Ah, yes. The old “A Mysterious Spiritual Snake Ate My Thirty-Six Million Naira” excuse. That old chestnut.

But then, if there was any animal which could have sneaked into the vault and eaten all that cash, it would most likely be a snake. Larger animals would have struggled to get through the keyhole and smaller animals wouldn’t have been able to swallow the money. But snakes are brilliant at getting into small spots and equally good at eating things which initially seem too big to go down the hatch.

The best of both Naira-pinching worlds then. Hmm.

And to be fair, just this morning when I was searching for my car keys and (while looking suspiciously at the beagle), asking if anyone had seen them, my daughter told me that she had seen a mysterious spiritual snake slithering off with them yesterday evening.

Of course, this turned out to be complete nonsense: they were behind the fruit bowl. But the fact remains that they could have been taken by a mysterious spiritual snake. It’s just that this time, they weren’t.

Now that we actually have a dog, I see the world through entirely new (often rolled) eyes, and consequently I believe that anything is possible. Thus, I’m (belatedly) coming around to the idea that actually the dogs could have eaten all that homework.

And if I’m going to make that concession, then it seems only reasonable to admit that Joan and her housekeeper’s mysterious spiritual snake story might also be true.

I’m planning to write a letter to the Nigerian authorities demanding Joan’s immediate release, while also advising the local police to step up their mysterious spiritual snake patrols before any more cash or bunches of car keys go astray.

Prevention is better than cure.

Groote Schuur Quagga News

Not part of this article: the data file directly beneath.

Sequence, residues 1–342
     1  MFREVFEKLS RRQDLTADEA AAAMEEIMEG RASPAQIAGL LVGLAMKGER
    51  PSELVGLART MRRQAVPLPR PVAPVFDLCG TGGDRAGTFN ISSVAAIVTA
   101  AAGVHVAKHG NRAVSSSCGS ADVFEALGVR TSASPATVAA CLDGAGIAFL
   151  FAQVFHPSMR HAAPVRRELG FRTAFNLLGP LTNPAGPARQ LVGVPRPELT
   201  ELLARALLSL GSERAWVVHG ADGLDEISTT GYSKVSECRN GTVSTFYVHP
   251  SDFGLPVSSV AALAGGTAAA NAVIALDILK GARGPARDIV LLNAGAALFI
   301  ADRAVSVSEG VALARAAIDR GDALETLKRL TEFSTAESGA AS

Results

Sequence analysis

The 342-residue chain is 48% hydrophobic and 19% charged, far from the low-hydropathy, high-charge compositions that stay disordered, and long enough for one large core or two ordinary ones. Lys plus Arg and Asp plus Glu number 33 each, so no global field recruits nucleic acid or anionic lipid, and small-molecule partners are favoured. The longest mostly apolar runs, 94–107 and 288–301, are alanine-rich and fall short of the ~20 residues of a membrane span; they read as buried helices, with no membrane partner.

Fair warning: it’s sad news.

But first, what are a Quagga?

Wikipedia says:

The quagga (Equus quagga quagga) is an extinct subspecies of plains zebra that lived in South Africa until the 19th century. It was long thought to be a distinct species, but genetic studies have shown it to be the southernmost subspecies of plains zebra.

That are nice. And what can like to be the Quagga Project?

The Quagga Project is an attempt by a group in South Africa to use selective breeding to achieve a breeding lineage of plains zebra (Equus quagga) which optically resemble the extinct quagga (Equus quagga quagga).

And thus, Quagga Project quaggas are dotted all around the Cape. Some of the most successful here, and (definitely) some of the most local just across the road from Groote Schuur Hospital.

Here’s a really poor photo I took of one back in 2014.

An aside: My, how my photography has improved. Or maybe it hasn’t, and I’m just more selective in what I choose to upload.

Or maybe both.

You decide.

Anyway, it seems that I’m not going to be able to improve on any previous photos of quaggas on the Groote Schuur Estate any time soon:

The animals at Devils Peak/Groote Schuur Estate have been moved due to uncertainty over their water supply during the water restrictions being imposed on Cape Town. Quagga and zebra need to drink daily and even a short interruption to their water supply could have devastating consequences. They have been moved to Elandsberg Farms near Wellington and Groote Post near Darling where they have joined other groups of Quagga in the wild. There are natural water holes on both these properties and the Quagga Project felt it would be safer to keep these animals there.

This is no surprise to me. I’ve been watching the Estate getting browner and browner for the past few months, and I hadn’t seen a quagga there for weeks. I usually see them twice a day: up at the top of the fields in the morning and then right down by the bottom of Hospital Bend each evening. Cape Town traffic being what it is, there’s generally plenty of time to watch them as you don’t drive past.

Sadly, it sounds like it’s a permanent move:

Those animals have been moved to other herds – the best known one, a lovely stallion called Khumba, is now on a farm on the west coast where he will hopefully father the next generation of Rau quaggas.

While that means less fun when driving to and from town, especially for my daughter, it does sound like the best thing for the quaggas. And hey, maybe another family road trip is called for out to Groote Post (conveniently located on  the Groote Post wine farm), or maybe a visit to the Nuwejaars SMA (conveniently located all around the (perennial favourite) Black Oystercatcher wine farm)?

What’s not to like?

No more quaggas on the mountain, that’s what. 🙁